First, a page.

What is the reaction from policy? They discuss about immigration law, conversion of social system and a flexible working time politic. Always wander from the subject. The contemporary condition of the city in the Ruhrarea shows that a past industrial community is not viable and is in a die-back process. First the productive industry will be destroyed and then the infrastructure will be disappearing. The condition of the streets declined, because no money is provided, the local passenger traffic is going to reduce more and more and the German train company (Deutsche Bahn) ties routes down. The social infrastructure get more less- libraries, swimming halls, sport halls, youth centers and other important social facilities are closed. Many companies begin to retire. One demonstrative attribute is the closing of the post office, then the big banks began to cancel their agencies and finally the bus has no stop station there. It is a progressing process and can be observed since several years. In summary in the politician’s opinion why this happens, this is due to less reduction in the social area, too short working time, too high working wages and too long study period and bad image of the city. Everything is a mistake, but not the failed economic policy.


The first big wave of destruction productive workplaces and infrastructure with ensuing emigration took place during the mining and steel crisis in the 1960s and 1970s. A lot of young people were leaving the area that time to get a job somewhere else. Thereof the Ruhrarea never get recovered.

One look at the facts of employees in the district efficiency shows the coverage of deindustrialization and the real reason for the slowly city dying in 1980 till 2001. In 1980 3.05 million people are employed, in 1992 2.85 million and nine years later 2.18 million. The dying of the industry is getting faster dramatically. A lot of profitable companies drifted away in the east, because of lower working wages, which is one of the reasons why the Ruhrarea is dying.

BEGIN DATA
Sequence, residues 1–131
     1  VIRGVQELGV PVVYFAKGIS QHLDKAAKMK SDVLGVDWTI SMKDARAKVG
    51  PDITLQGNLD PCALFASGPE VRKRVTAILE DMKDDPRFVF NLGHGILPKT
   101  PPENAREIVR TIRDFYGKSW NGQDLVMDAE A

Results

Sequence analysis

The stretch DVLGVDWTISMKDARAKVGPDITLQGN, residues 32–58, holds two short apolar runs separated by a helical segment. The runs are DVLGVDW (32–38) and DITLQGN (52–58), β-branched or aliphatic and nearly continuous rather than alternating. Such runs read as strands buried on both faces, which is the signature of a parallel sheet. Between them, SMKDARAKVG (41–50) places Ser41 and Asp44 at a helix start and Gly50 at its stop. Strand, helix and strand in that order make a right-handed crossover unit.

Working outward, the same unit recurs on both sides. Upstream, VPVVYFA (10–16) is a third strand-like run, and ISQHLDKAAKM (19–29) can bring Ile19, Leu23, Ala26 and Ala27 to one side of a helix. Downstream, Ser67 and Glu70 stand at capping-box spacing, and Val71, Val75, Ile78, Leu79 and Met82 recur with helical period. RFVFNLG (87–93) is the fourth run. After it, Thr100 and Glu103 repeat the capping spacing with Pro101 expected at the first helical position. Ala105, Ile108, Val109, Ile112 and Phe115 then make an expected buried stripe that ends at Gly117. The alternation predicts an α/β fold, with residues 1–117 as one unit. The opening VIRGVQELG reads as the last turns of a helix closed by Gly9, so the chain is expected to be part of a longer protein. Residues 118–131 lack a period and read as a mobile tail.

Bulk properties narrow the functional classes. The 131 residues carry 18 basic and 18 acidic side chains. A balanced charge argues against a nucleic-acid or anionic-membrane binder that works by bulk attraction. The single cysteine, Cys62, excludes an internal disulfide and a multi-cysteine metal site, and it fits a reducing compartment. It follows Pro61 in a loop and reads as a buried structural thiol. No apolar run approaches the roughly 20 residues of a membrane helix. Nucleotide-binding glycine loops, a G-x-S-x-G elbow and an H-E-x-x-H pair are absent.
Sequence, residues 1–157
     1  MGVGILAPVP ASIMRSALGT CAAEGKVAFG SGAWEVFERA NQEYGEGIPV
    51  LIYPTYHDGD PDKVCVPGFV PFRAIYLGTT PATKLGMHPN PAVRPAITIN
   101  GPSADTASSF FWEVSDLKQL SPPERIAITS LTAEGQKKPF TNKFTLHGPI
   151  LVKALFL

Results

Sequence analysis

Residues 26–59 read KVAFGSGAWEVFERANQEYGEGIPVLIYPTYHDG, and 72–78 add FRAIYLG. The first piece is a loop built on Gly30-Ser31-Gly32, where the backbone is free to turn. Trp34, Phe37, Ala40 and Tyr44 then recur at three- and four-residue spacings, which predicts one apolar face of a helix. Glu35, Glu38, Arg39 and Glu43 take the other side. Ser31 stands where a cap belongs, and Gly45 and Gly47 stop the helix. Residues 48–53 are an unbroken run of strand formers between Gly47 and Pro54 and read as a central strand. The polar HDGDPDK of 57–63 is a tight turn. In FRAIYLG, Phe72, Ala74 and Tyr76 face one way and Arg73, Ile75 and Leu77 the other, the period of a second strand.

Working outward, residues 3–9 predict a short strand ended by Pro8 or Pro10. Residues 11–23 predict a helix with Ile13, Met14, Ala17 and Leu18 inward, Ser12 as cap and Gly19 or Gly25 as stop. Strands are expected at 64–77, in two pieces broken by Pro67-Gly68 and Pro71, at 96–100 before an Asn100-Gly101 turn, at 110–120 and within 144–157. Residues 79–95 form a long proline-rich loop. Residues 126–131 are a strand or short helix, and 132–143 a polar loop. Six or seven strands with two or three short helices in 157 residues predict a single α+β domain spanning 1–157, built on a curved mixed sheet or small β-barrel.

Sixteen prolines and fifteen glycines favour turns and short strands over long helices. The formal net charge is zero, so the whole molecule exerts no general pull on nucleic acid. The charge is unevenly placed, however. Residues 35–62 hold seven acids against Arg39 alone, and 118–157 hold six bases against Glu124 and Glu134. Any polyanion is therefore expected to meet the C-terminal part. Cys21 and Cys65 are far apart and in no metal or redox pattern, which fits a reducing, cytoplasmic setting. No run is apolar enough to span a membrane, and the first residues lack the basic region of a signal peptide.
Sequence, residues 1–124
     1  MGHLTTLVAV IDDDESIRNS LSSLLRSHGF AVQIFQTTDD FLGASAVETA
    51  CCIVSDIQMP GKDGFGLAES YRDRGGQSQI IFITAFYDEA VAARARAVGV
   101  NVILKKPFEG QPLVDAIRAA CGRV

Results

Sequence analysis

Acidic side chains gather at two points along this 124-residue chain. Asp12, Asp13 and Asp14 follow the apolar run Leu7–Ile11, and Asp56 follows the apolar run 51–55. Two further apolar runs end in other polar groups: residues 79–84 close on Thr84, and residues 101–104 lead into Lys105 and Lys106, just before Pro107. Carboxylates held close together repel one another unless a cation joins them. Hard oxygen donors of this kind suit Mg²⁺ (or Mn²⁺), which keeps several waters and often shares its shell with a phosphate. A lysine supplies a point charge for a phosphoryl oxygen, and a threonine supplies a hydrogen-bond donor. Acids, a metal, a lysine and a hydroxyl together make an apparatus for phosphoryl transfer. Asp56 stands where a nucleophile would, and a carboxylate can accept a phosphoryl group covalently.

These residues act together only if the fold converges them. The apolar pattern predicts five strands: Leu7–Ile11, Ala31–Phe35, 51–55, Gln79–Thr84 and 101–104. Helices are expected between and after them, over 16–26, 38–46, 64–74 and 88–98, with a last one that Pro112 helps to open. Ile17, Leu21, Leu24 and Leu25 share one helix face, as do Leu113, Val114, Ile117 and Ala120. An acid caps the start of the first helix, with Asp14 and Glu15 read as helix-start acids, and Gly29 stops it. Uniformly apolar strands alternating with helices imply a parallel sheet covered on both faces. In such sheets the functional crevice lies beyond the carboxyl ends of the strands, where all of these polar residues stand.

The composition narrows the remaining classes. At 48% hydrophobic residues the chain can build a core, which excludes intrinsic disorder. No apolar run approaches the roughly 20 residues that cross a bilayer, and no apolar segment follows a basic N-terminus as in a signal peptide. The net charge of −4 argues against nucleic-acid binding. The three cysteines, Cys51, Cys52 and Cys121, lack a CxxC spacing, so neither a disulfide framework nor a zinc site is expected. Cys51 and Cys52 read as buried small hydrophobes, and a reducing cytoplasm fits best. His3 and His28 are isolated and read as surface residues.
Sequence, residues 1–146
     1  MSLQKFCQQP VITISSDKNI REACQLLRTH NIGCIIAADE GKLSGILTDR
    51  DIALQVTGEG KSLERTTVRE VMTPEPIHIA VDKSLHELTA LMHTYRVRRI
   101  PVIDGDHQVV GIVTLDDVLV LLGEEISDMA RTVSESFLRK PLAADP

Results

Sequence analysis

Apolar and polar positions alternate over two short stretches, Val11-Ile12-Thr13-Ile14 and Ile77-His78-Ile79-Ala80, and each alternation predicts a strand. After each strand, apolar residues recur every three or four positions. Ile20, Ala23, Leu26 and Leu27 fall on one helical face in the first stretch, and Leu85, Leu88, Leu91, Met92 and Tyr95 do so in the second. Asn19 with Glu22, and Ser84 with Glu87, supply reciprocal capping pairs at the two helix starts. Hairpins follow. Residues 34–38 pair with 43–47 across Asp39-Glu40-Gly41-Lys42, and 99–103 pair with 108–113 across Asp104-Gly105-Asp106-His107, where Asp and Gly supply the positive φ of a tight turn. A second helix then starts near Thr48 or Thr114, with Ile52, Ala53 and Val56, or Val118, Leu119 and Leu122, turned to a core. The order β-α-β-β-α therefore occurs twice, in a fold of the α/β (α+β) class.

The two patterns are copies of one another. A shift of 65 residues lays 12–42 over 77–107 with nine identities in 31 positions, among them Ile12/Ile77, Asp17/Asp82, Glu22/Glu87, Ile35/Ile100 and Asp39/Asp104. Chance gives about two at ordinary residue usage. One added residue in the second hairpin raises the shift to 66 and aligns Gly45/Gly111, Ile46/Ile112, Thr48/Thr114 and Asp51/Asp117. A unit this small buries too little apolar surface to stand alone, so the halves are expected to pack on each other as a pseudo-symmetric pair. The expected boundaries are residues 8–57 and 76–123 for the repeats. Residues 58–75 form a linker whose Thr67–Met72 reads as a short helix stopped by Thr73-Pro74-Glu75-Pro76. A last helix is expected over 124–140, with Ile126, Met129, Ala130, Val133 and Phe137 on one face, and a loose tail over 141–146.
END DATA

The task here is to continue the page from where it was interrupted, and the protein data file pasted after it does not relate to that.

There is a big need of politics to think about solutions. Maybe it can be a renaissance of the Ruhrarea and new technologies, but first the politicians must have to face the truth. You can hear a lot of highbrow speeches, but all of them avoid the extinction of the Ruhrarea. The sufferers are the domestic people, who can´t do anything to stop the process.

Written by Deirdre Schmidt, Kristin Reinhard, Florian Rützel, Marius Zentgraf




Bratislava – capital city of Slovakia versus other regions of Slovak Republic

West versus East, East versus West, Bratislava versus Slovakia, Slovakia versus Bratislava. I am not talking about sports rivalry, but unfortunately about the whole society rivalry. Rivalry between the capital city – Bratislava lying in the most western part of Slovakia and the rest of the country. We hear this question from everywhere in Slovakia – argues about who lives from whom money.

Bratislava is capital city of Slovak republic and there are some huge differences between it and other regions of country, differences regarding quality of life, GDP, unemployment rates, wages and many more.

For administrative division, Slovakia is subdivided into 8 regions (kraje) since 1996:


5 obyvatelia

Despite the efforts of governments, Slovakia is still unable to remove the significant regional differences. Development is concentrated mainly in and around its capital Bratislava, respectively around major cities and their hinterlands. More about economic and labour indicators after jump. Continue reading

Bochum’s declining economy

The observed disparities in regional labour markets are pronounced and permanent. There is a large disparity in the level of unemployment and wages between regions in Germany. Over a period of time there are regional differences.

The independent city Bochum in the administrative district Arnsberg is one of five regional centre of the Ruhr area and has got about 380,000 inhabitants. It is the second largest city in Westphalia and among the 20 largest cities in Germany. But this region is in a declining situation.

For years, factories in the city of Bochum closed, including alleged future industries such as the manufacturing and development of mobile phones from Nokia or the corporation Benq. Steel and coal were already on the decline longer before. And now after 50 years, Bochum will lose Opel and so one of the remaining large industrial employers next year, and that is a radical step.

Since 1962, Opel has produced in Bochum and Bochum-Laer-Langendreer. After almost 50 years, the Opel plant in Bochum will completely close its doors at the end of next year. More than 3.700 people will lose their jobs. But the question is: Why Bochum? The workers in Bochum are not less industrious than their Opel counterparts in Poland, Spain, England, Rüsselsheim and Eisenach. Since 1929, the Opel Adam AG belongs to GM, an U.S. automotive group. The business in Europe is declining for them, so GM closes some production sites. The main problem is, that Opel belongs to GM. Bochum needs some own sectors, which belong to the city.